This is a big day here at FunnyMonkey (TM) World Headquarters. We are pround to announce the FunnyMonkey Educator of Distinction program, or the FM.Ed.
Not just anyone can qualify for the FM.Ed. To earn a FM.Ed, one must complete our comprehensive training program, which we are currently in the process of designing. In the meantime, we will be issuing interim badges to all educators (interested or not) who:
Are currently teaching; or
Have ever taught; or
Can spell "education;" or
Have walked past a school; or
To indicate that you have earned your FM.Ed, just embed either of these badges below on your blog. Also, feel free to add the certificate to your twitter handle, and include it as part of your email signature.
Select the badge that fits best in the space you have available.
And the best part: once you use these badges, you'll start seeing them everywhere!
I must have been asleep for part of the summer because I missed some great conversations about corporate education/professional development programs for teachers.
Tom Woodward summarizes the crux of the conflict:
That “award” certifying you as a really super X-brand teacher, that free conference registration- these are not things they do for you out of kindness. This is for them. Every single bit of it, bought and paid for. Their return on investment is pre-calculated. If it didn’t make them money, they would not do it.
Reading this makes me think back to 2006 when Discovery Educators Network fired 84 staffers in their education division. According to Discovery, "the positions were unnecessary". Also, according to Discovery:
According to an internal memo sent to employees Wednesday, the division's revenue has grown 350 percent since 2004.
The comment thread on Discovery Education's blog is a pretty good indication of how people felt at the time. The entire thread is worth reading to see how people react when the business logic that drives corporate outreach into education is laid bare.
From Michelle Rivera:
I recently helped sell your UnitedStreaming service to several schools in North Carolina, and I regret that decision.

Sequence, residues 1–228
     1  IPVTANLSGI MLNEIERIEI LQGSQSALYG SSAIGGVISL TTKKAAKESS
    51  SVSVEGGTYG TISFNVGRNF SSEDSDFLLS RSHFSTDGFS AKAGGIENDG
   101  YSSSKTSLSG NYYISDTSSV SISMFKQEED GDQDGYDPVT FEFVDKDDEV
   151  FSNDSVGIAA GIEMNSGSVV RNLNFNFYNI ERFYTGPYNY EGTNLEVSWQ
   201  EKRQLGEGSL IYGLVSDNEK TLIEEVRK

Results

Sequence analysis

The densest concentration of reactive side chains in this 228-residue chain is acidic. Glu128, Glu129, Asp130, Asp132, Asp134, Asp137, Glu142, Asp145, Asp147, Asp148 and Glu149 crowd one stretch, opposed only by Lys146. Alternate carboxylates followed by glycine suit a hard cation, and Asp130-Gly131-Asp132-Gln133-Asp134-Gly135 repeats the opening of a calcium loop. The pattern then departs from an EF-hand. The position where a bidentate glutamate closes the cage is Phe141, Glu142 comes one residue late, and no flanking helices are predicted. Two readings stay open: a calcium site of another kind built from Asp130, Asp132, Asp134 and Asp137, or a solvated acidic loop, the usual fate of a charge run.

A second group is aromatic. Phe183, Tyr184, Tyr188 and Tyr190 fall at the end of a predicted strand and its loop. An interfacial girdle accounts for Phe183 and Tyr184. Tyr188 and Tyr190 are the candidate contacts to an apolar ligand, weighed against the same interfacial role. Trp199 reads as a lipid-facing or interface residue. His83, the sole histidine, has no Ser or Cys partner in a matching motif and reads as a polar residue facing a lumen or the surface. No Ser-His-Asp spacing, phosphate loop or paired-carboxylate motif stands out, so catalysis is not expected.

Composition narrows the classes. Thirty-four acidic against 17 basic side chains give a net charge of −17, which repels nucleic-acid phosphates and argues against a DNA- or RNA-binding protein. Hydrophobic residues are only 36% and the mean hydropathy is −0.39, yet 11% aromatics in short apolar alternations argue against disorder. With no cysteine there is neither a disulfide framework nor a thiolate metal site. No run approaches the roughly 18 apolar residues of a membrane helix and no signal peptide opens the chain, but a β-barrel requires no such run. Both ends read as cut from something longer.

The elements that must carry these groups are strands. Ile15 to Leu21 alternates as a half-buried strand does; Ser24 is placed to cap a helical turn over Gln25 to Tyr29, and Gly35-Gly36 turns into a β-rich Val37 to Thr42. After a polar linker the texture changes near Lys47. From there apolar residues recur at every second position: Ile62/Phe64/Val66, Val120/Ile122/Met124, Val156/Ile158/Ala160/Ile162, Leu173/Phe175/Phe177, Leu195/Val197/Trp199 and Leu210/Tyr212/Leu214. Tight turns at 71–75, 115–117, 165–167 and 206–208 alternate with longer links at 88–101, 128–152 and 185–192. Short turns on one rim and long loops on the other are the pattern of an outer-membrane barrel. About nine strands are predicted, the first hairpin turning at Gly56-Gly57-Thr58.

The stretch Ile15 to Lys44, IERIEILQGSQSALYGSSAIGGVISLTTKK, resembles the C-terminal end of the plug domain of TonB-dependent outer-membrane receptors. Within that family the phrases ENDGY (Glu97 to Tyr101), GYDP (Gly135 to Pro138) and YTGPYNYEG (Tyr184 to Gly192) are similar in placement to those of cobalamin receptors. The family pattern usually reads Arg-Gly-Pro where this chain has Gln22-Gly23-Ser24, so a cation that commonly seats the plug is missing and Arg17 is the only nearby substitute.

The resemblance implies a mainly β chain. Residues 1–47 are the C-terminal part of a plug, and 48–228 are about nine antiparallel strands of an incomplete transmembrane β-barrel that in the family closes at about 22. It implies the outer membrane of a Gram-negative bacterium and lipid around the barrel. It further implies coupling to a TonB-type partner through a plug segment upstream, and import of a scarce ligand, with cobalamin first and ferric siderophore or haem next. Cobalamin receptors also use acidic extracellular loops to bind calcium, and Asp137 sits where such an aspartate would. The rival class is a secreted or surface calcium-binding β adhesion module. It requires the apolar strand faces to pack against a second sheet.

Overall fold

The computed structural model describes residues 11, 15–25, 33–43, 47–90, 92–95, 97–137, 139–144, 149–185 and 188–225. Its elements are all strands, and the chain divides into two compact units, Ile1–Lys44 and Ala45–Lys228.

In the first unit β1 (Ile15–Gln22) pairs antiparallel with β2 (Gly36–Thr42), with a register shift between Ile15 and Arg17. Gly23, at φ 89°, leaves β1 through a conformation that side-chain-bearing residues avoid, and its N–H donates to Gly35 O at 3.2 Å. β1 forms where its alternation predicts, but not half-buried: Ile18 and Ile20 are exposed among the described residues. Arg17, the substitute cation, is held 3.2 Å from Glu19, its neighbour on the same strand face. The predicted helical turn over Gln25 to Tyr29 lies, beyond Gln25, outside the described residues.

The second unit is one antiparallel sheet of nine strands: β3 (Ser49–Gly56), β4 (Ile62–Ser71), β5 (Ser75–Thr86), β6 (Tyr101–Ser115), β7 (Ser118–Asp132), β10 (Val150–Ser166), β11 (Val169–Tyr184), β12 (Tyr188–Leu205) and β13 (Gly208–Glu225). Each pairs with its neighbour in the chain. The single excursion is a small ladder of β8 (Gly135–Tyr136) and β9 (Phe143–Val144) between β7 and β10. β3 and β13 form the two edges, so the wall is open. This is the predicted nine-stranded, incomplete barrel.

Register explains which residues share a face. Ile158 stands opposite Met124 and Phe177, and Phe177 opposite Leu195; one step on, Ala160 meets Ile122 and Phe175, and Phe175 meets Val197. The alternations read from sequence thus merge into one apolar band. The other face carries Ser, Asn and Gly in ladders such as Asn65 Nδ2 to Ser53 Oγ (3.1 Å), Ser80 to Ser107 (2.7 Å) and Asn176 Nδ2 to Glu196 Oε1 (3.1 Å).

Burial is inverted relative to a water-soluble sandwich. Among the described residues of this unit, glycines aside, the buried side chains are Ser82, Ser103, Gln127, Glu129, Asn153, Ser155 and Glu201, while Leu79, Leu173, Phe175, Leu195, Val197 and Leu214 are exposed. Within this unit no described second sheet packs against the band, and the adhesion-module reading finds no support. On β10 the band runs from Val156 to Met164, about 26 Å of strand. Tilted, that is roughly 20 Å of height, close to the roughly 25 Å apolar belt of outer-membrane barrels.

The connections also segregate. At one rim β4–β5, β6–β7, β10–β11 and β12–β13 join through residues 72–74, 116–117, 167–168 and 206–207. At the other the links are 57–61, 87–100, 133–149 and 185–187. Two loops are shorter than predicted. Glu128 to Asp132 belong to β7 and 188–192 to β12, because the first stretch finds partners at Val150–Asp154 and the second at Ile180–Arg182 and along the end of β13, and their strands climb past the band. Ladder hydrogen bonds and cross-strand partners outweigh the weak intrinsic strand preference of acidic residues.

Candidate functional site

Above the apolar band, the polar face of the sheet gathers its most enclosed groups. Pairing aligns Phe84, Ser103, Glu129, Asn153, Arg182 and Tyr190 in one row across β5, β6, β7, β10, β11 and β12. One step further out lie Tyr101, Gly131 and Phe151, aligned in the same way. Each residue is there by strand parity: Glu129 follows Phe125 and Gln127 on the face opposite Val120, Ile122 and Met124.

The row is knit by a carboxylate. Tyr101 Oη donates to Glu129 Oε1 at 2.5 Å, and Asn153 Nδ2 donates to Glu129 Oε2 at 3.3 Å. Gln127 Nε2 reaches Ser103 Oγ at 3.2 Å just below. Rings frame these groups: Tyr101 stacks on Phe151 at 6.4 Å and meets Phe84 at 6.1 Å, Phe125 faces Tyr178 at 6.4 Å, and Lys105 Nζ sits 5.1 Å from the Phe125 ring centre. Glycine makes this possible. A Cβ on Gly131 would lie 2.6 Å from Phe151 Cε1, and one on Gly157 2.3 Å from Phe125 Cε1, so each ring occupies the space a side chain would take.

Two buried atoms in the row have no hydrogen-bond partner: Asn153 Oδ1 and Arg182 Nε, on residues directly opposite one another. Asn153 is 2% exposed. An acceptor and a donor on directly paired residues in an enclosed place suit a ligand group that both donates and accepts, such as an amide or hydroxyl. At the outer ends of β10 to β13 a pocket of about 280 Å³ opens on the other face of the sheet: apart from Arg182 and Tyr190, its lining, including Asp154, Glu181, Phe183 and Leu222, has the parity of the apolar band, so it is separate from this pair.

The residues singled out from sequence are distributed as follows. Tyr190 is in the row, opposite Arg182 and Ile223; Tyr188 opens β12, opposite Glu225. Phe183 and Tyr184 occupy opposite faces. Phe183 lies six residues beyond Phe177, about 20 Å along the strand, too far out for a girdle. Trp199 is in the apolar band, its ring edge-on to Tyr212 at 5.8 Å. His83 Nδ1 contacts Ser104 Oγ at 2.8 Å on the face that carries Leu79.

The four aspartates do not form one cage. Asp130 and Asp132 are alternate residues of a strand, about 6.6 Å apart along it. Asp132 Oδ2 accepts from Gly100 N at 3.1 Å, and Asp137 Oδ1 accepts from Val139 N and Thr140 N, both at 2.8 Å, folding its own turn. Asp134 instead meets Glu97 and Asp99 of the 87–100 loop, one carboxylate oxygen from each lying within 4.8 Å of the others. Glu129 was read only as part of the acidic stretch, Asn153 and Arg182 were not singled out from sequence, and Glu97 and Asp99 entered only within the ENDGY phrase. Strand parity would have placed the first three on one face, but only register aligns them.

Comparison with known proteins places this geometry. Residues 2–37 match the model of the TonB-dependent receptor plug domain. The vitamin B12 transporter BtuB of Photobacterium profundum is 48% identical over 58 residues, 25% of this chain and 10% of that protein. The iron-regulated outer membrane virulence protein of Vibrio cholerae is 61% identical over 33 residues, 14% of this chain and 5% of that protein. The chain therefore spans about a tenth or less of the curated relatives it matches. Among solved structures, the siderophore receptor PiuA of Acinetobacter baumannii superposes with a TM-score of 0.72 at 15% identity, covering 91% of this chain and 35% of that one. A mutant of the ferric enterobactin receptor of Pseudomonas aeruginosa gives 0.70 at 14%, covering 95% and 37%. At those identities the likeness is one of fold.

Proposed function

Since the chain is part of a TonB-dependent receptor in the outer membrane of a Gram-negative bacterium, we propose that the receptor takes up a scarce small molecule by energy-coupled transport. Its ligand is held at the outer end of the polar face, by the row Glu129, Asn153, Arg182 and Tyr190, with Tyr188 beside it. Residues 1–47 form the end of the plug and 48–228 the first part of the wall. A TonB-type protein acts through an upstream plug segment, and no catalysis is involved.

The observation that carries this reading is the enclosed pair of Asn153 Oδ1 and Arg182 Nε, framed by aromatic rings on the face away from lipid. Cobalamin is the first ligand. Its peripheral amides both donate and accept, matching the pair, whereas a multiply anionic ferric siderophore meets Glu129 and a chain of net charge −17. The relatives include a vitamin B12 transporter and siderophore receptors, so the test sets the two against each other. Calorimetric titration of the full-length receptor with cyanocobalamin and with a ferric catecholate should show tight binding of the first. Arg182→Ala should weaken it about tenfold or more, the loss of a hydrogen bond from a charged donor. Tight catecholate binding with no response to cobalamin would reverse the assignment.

From Donna Criswell:
I recruited 14 plus teachers in my district to be STAR members.. and some outside my very own district.. all because I believed in the DEN “family”
And really, there is nothing wrong with anything Discovery did. They are a business, and their goal is to increase profit. With revenue up 350% over two years, a simple way to increase profit is to reduce expenses, and people are expensive. But, as indicated in the comment thread, DEN teachers also provided free product evangelizing.
But educators should learn from that lesson. Or from the lesson of Google killing Lively. Or from the lesson of how Apple always releases upgrades mid-summer, while schools need to purchase about 4-6 weeks earlier for budgeting and deployment reasons: then, if these schools want to upgrade and charges these same schools full price for the upgrade. Large for-profit corporations care about education to the extent that caring for education remains convenient, with a reasonably good potential for bringing in profit.
And when we think about how priorities can be inferred from how resources are spent, it's worth looking at how much money Microsoft, Apple, and Google spend on patent litigation alone, relative to what they spend on education. I suspect that the legal teams within these companies are not rewarded with .png badges and meaningless credentials, but with real, actual money.
These companies reach out to teachers because it provides a convenient way to market to kids while maintaining the appearance of social responsibility. They also care about teaching, and the people running these programs are good, intelligent, people, but they are working within a context that is not driven by human concerns. Any good marketer knows that brand loyalty forms at a young age (hey, why else would Joe Camel cartoons be displayed under the counter, where only a five year old would see it?), and tethering the credibility of a teacher to a specific brand just increases the credibility of the brand. Having children use cloud-based products also gives these companies an opportunity to study the interests and use patterns of kids, and that data is marketing gold. And you can actually have teachers apply for this, and the programs are considered a social good? That's what I call thinking different.
And yes, I get that teachers are constantly being called on to do more with less. I also know and like many teachers who have completed these programs. I've even seen some of them teach, and they are people I would be proud to call colleagues. But these programs are a devil's bargain, and deserve to be looked at in the larger context of how we value and fund meaningful professional development.
The main argument I hear in favor of the programs - and these come largely from participants - is that the quality of the program is determined more by the people within it, and less by the brand. And again, that's an argument I understand, but if the value is in the people, you can meet many awesome people at an EdCamp. No corporate branding needed.
Image Credit: "We Don't Need No Steenkin Badges" taken by Thunderchild7, published under an Attribution license.